How I fell in love with radio
When we went to relatives on Sunday afternoons for tea, I used to ask, ‘What’s for tea, Uncle Jim?’ He always replied, ‘Bread and dripping.’
It never was. It was always bread and butter, a slice of spam, a lettuce leaf and a tomato. I don’t know how my six year old self and Uncle Jim struck up that repartee. Nor can I remember how it came to be that my grandfather always said when I left him, ‘See you later, alligator,’ which elicited the shout, ‘In a while, crocodile,’ from me.
There was little humour in my nuclear family. One of the cover ups of meal time silence was Radio 4. Weekend lunches coincided with comedy – Round the Horn and The Navy Lark. There was repartee within those shows, and my affection for the back and forth chat with my uncle and grandfather began to spread to radio.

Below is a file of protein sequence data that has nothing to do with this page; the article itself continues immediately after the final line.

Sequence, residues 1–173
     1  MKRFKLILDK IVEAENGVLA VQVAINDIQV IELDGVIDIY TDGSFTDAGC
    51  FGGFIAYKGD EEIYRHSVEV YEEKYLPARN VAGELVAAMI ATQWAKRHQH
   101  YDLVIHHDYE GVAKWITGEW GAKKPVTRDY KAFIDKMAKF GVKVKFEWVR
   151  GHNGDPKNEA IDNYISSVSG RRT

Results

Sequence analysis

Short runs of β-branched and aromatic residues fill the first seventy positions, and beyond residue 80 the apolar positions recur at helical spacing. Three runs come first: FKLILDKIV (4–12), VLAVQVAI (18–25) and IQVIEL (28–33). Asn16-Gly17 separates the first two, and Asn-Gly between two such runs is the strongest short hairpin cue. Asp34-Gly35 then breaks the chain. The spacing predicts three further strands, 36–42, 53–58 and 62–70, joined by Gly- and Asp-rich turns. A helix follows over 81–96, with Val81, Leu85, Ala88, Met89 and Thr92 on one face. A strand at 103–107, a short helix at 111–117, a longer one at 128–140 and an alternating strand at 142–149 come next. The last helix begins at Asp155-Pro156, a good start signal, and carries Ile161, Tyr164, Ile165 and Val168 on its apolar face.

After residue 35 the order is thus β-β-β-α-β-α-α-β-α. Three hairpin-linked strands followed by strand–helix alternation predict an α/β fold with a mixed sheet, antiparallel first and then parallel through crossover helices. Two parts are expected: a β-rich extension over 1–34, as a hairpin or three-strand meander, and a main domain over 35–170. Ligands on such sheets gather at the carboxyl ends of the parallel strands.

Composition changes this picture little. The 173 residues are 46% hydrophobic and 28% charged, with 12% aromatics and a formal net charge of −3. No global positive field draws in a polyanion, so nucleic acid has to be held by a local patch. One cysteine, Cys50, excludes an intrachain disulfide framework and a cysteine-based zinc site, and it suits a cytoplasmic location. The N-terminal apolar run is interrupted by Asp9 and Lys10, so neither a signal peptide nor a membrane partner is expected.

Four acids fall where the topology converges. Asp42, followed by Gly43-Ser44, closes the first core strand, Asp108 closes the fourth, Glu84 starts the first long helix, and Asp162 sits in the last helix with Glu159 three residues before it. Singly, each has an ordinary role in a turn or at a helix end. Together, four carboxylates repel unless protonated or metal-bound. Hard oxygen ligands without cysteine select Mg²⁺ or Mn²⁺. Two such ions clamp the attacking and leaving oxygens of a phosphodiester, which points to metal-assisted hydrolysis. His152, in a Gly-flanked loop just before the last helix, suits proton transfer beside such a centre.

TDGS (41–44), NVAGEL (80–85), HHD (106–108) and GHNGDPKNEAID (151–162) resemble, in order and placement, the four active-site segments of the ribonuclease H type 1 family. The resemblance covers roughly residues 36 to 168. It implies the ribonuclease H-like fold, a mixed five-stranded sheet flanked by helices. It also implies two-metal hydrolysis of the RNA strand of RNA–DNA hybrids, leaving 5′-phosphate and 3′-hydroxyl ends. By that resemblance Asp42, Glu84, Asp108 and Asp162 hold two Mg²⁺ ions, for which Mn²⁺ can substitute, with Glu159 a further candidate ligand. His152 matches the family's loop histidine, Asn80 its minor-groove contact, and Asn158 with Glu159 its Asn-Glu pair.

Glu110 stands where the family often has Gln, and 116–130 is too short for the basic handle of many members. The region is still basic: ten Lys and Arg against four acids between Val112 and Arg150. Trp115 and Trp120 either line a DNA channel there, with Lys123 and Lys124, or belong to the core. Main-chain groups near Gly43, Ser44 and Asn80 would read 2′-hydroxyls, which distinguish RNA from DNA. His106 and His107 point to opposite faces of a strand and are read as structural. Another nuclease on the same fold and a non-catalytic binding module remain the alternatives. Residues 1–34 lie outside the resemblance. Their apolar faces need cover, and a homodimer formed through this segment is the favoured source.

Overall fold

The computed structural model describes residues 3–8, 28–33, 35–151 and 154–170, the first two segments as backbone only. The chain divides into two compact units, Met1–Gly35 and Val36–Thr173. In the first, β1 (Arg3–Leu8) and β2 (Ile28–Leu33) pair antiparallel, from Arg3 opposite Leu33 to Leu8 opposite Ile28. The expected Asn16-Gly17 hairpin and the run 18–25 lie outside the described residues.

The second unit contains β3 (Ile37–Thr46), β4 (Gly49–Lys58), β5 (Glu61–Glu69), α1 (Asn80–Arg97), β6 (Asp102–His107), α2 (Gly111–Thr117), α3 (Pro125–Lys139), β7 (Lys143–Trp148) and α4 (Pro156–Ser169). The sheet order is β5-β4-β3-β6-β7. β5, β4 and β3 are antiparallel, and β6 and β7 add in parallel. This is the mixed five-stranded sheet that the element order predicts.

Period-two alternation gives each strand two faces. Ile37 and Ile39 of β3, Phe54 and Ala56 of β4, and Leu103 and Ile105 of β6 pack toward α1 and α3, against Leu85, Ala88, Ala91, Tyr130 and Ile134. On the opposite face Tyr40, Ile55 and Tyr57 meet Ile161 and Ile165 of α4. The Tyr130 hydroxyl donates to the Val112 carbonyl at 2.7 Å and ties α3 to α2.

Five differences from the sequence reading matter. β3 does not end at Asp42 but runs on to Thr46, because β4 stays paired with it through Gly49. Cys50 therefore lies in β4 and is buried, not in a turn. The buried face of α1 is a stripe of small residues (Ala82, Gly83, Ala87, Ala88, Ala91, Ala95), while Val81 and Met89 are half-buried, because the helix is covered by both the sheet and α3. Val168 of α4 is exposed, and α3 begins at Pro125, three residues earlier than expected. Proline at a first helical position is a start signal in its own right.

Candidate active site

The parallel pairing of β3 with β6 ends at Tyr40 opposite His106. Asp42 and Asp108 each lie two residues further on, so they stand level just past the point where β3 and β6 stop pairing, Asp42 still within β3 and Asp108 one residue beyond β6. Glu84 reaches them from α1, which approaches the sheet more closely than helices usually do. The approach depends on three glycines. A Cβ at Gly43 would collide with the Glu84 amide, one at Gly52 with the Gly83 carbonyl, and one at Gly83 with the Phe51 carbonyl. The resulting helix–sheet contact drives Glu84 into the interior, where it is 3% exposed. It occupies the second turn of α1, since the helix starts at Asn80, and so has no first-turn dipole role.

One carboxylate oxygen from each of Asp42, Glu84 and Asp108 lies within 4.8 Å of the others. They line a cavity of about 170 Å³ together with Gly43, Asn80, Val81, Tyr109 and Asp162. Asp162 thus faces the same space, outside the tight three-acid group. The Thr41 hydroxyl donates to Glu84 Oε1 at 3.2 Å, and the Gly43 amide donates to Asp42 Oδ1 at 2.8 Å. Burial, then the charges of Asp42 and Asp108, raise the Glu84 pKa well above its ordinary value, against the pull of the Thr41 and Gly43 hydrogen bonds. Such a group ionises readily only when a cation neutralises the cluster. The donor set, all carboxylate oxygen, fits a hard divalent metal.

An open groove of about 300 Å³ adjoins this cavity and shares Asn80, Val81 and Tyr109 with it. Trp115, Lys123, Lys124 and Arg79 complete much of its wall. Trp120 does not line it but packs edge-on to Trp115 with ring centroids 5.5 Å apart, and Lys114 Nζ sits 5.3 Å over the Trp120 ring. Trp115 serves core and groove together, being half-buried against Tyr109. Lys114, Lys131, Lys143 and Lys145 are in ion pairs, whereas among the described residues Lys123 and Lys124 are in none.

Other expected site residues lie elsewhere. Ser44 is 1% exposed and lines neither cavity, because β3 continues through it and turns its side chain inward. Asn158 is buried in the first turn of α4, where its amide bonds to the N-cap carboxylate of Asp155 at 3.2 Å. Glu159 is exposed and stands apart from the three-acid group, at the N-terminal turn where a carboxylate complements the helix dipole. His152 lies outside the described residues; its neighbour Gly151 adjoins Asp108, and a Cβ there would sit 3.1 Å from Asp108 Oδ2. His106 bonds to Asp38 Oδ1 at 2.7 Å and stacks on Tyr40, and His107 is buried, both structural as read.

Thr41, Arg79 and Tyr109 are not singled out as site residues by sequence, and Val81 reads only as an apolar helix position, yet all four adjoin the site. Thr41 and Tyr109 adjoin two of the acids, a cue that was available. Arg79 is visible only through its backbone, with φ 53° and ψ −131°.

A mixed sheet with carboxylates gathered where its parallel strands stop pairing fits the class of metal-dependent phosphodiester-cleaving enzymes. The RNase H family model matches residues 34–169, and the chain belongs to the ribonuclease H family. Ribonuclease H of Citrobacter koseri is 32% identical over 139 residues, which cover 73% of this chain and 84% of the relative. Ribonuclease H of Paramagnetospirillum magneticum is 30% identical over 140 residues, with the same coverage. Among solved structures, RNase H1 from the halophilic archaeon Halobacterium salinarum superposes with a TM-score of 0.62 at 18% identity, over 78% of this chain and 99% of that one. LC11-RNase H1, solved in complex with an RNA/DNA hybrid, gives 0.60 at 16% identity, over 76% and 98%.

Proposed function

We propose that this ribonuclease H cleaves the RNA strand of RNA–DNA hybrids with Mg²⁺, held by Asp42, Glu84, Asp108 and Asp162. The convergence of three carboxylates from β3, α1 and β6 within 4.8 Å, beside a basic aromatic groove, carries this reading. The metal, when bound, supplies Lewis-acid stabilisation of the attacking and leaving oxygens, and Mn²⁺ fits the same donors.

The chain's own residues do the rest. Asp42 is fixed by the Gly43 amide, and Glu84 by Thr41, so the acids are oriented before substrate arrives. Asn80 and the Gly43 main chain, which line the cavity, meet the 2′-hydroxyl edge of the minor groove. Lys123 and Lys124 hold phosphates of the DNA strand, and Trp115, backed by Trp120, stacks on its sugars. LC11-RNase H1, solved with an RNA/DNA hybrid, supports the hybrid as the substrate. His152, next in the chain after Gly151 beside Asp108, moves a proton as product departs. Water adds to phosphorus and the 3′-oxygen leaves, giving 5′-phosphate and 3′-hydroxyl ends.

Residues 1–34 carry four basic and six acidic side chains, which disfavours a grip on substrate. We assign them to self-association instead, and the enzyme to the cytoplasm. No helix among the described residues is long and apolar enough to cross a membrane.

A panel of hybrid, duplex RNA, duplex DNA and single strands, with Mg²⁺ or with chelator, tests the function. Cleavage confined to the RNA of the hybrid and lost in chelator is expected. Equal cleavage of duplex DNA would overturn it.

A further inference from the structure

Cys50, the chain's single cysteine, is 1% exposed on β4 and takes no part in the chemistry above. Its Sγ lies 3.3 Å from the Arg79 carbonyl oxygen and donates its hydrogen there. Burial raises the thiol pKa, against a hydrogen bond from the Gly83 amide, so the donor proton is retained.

On his death, Uncle Jim’s wireless, as he called it, was given to me. I’d have been about nine years old. In the turbulence of my upbringing, radio became the comforter to which I fell asleep.
As I grew, radio became a surrogate friend. We sat together in my room for hours. It talked to me, I talked to it, and nothing I said was ever wrong. It took me to places, ideas and images that beckoned me to leave home and move into a richer world. Radio was my story teller, guru, comedian, tempter and hope-giver.
Pictures of spam and batteries? It’s all in the cause of art, don’t you know.